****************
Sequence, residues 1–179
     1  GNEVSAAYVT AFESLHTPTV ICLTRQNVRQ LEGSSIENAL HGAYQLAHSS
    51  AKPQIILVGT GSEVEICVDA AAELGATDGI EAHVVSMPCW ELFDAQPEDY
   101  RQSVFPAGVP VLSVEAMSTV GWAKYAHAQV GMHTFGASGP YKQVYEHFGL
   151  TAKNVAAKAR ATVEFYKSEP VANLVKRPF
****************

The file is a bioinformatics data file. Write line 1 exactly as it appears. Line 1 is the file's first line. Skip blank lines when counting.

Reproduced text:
Sequence, residues 1–179